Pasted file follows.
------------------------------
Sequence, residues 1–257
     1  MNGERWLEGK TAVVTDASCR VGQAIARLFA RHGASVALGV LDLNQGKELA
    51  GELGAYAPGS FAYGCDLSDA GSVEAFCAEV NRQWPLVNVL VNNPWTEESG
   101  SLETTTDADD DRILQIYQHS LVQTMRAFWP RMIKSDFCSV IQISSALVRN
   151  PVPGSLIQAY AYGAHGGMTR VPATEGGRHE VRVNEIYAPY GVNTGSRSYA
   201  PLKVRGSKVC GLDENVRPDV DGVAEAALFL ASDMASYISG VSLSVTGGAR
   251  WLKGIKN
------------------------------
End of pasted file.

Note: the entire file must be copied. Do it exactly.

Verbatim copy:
Sequence, residues 1–257
     1  MNGERWLEGK TAVVTDASCR VGQAIARLFA RHGASVALGV LDLNQGKELA
    51  GELGAYAPGS FAYGCDLSDA GSVEAFCAEV NRQWPLVNVL VNNPWTEESG
   101  SLETTTDADD DRILQIYQHS LVQTMRAFWP RMIKSDFCSV IQISSALVRN
   151  PVPGSLIQAY AYGAHGGMTR VPATEGGRHE VRVNEIYAPY GVNTGSRSYA
   201  PLKVRGSKVC GLDENVRPDV DGVAEAALFL ASDMASYISG VSLSVTGGAR
   251  WLKGIKN